Accomplished Landscape Photographer Marks Ten Years on Flickr

Landscape photographer Albert Dros celebrates his ten year anniversary on the Flickr blog:

What I love most about looking back on my Flickr stream is that you can see my progress from the start of Flickr until today. I did not delete many images and so you can scroll all the way back to the start of my Flickr account. Scrolling through the stream also kind of defines my photographic journey and brings back many memories.

You can see the beautiful images he shares on Flickr here.

Why Photograph?

“Roaming forgotten places in the darkness to capture the hope of the light allowed me to confront the panic around me and gave me the strength to carry on.”

I became fascinated by Chicago’s nighttime alleys and back streets during the pandemic. I submerged myself in studies of how artificial lights penetrate the darkness of an urban environment. That darkness provided me comfort and cover from the events going on around me. The artificial lights transformed what is bland and ugly in the daylight into a beautiful hidden world, which is visible to those willing to risk the unknown, the shadows. 

During the pandemic, fear and death seemed to permeate everything. Roaming forgotten places in the darkness to capture the hope of the light allowed me to confront the panic around me and gave me the strength to carry on. Ultimately, my work is about confronting fear and finding the beauty, which can emerge from the unknown, the darkness.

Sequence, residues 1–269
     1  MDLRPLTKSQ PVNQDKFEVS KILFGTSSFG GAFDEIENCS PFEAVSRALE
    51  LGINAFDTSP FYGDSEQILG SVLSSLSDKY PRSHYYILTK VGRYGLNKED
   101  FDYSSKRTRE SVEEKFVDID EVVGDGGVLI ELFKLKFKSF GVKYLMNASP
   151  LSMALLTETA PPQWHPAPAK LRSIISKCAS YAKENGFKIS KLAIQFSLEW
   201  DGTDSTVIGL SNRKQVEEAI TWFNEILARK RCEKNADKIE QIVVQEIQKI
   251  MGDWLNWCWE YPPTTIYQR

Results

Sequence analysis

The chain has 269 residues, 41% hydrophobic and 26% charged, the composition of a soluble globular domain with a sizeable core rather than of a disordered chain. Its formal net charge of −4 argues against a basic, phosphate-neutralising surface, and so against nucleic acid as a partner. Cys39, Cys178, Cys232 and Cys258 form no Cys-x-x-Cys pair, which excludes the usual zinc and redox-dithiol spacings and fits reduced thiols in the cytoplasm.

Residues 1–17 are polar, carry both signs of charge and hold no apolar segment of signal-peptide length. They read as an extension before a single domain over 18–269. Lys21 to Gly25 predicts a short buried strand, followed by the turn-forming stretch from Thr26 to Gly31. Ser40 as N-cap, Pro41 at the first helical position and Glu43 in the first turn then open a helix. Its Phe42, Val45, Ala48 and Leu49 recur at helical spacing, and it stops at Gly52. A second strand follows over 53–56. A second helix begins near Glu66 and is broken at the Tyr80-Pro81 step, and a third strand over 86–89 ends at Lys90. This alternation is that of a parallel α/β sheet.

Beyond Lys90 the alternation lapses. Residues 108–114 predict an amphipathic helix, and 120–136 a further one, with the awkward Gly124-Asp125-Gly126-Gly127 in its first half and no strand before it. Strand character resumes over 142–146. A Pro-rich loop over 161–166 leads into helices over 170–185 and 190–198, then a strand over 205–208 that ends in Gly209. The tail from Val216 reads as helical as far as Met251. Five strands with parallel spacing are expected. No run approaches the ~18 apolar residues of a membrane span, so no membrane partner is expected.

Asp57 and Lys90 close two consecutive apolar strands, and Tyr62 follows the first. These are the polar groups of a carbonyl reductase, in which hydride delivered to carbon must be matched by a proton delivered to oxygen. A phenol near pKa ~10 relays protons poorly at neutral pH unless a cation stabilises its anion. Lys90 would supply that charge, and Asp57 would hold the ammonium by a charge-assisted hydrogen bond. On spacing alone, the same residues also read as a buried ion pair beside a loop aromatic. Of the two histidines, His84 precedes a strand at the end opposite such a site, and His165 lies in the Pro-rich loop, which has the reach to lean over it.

Jim Hill

You can follow Jim Hill’s thought provoking photographs on Flickr and Instagram.

You can read other reasons people make photographs here.

Why Photograph?

“Your joy and self worth should not depend on others.”

Ferdy Christant, in a superb piece about Flickr, suggests that people who photograph for the joy of it should focus less on external validation such as likes or faves and more on what brings them joy:

For amateurs and enthusiasts, . . . first and foremost . . . enjoy your hobby. Enjoy photography itself as well as your topics, be they a landscape, a model or a freaky insect. Or even a Snowy Owl. This is your hobby and you should learn to enjoy it even if not a single other human being notices. Start with this. Your joy and self worth should not depend on others.

I’m serious. Look at people having other hobbies. Reading, hiking, tennis, wood crafts, brewing beer, collecting stamps, watching movies or playing Tetris…none of these people spend hours per day seeking validation as to whether their hobby is worthwhile or has meaning. It has meaning because it is your time and you enjoy doing it. None of them determine meaning based on others as if they are monitoring a stock market of self worth.

Very sound advice.

I like it when people appreciate the result of my hobby. I prefer 100 likes over 0 likes. But I do not require it.

Ferdy Christant

Flickr Explore

A peek at the secret sauce

I enjoy sharing photos on Flickr. So far I’ve had one photo featured on Flickr Explore. It is my most viewed image with over 5,000 views and more than 100 faves.

I wondered how photos are selected. In a recent blog post, Flickr explains that Explore uses an algorithm to display a rotating array of about 500 images from Flickr members every day. Flickr also explained what really matters in the selection process “is the amount of authentic, organic interactions in the form of comments, faves, and views your photo gets after being posted, regardless of how many followers you have.”

This is an interesting peek behind the Flickr Explore curtain. Flickr inspires me daily.

Geai des chênes
A Sample of Flickr Explore